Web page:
New Party Sakigake

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New Party Sakigake
Leader Masayoshi Takemura
Founded June 22, 1993
Dissolved June 22, 2004
Ideology Conservative, Reformist, Centrist, Moderate, Ecologist

The New Party Sakigake (新党さきがけ Shintō Sakigake or The Forerunner) was a Japanese political party that broke away from the Liberal Democratic Party on June 22, 1993.[1] The party was created by Masayoshi Takemura. The party, was a centrist party, and it had many reformist and even moderate ecological elements. The theoretical reader was Shusei Tanaka. Yukio Hatoyama and Naoto Kan also took part but later moved to the Democratic Party of Japan.

After the general election of 1993, Sakigake joined a Cabinet led by Morihiro Hosokawa. It was the first government without the LDP since 1955. Sakigake's Masayoshi Takemura became Minister. Sakigake supported the following Tsutomu Hata Cabinet, but didn't join the Cabinet.

In 1994, New Party Sakigake took part in the government of Murayama Tomiichi, a government coalition of the Liberal Democrats and the Japan Socialist Party, which replaced the liberal coalition headed the previous year by the Japan Renewal Party.

In 1997, the New Party Sakigake had two members in the House of Representatives and three members in the House of Councillors, which was good for them, especially after the LDP became the ruling party again. However, it decided to moderate its stance, and, because of the power of the ecologist and reformist factions, the conservatives decided to reform the party.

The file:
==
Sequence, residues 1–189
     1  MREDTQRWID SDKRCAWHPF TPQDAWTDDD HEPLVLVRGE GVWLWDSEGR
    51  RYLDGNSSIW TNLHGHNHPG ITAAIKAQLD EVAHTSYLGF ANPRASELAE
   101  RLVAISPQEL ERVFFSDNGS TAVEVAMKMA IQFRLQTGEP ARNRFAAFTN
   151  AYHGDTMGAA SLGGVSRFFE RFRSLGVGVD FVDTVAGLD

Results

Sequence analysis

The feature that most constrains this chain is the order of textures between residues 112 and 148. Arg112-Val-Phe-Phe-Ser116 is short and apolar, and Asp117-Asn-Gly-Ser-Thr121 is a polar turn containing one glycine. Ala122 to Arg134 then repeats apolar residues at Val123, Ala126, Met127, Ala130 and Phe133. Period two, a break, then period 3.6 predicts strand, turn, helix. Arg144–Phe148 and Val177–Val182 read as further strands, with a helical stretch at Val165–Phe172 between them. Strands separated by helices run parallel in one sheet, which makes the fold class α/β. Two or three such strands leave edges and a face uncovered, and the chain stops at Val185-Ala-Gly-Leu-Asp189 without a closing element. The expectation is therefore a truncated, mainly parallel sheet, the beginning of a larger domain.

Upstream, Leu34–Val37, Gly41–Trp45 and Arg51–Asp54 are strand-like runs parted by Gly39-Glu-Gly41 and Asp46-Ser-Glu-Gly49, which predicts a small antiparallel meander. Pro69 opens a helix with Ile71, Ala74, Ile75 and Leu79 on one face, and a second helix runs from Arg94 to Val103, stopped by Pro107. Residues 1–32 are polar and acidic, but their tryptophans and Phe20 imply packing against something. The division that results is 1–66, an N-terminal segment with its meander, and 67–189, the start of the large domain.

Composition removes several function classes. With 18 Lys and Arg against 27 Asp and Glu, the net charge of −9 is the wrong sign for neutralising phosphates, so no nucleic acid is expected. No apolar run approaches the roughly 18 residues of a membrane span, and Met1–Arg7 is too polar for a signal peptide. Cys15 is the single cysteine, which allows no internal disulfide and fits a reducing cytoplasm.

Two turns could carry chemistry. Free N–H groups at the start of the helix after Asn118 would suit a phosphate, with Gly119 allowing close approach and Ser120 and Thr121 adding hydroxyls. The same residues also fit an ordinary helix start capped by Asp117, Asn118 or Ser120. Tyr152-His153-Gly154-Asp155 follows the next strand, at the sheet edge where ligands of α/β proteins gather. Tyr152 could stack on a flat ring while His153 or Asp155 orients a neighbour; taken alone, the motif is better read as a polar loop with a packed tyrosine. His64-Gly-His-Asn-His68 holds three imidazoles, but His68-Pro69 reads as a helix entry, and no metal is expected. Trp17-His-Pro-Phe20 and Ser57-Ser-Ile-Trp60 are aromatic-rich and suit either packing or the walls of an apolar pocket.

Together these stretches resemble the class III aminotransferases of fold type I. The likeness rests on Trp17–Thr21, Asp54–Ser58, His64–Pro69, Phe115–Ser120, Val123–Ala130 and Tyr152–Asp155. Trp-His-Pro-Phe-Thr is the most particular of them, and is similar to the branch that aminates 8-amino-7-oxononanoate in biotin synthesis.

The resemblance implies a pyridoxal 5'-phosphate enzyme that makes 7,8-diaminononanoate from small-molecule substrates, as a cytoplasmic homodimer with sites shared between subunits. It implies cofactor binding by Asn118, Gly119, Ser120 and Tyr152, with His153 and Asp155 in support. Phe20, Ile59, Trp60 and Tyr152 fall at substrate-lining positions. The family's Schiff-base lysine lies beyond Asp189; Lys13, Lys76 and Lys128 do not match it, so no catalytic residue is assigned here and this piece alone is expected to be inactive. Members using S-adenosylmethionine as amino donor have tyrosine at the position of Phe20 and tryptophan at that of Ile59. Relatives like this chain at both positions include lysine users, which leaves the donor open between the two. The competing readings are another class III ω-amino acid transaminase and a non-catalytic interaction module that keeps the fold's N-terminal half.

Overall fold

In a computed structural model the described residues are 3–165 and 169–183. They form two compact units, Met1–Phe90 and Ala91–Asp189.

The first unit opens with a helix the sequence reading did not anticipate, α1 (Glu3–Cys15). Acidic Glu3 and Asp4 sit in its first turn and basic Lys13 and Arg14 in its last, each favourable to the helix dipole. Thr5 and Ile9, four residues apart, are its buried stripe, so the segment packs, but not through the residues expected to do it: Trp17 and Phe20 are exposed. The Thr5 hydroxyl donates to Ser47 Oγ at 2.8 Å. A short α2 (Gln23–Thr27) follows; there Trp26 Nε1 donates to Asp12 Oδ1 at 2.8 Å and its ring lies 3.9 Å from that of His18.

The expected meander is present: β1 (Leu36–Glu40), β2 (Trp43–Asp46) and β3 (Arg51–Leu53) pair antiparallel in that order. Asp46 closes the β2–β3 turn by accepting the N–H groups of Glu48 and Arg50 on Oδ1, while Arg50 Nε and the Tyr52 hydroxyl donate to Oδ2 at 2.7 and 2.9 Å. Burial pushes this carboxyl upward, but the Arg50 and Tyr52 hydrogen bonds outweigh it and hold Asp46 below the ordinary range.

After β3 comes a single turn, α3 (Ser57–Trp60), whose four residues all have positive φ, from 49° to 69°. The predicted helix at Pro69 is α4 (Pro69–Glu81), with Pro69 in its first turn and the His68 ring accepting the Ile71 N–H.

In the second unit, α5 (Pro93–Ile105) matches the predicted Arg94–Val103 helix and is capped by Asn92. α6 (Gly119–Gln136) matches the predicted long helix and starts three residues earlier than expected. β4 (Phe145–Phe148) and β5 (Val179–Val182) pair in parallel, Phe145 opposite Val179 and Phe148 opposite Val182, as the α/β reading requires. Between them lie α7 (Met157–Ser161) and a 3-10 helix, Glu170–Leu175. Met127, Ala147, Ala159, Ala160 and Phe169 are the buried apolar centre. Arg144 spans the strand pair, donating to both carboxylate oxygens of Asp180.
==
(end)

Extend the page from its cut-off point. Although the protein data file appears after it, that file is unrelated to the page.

Thus, in 1998, the party changed its name to The Sakigake Party. In 2002, the party again changed its name to Midori no kaigi, the Environmental Green Political Assembly, which itself dissolved on June 22, 2004, mainly because of the failure of the party to win any seats in that year's elections.

The party gained its followers mainly from white collar bureaucrats and ecologists. It was a conservative reformist party with ecological elements.

See also[edit]

References[edit]

  1. ^ Holler, Manfred Joseph (2002). Power and Fairness. Mohr Siebeck. p. 304. ISBN 3-16-147729-4. 

External links[edit]

Archive.org copy of former website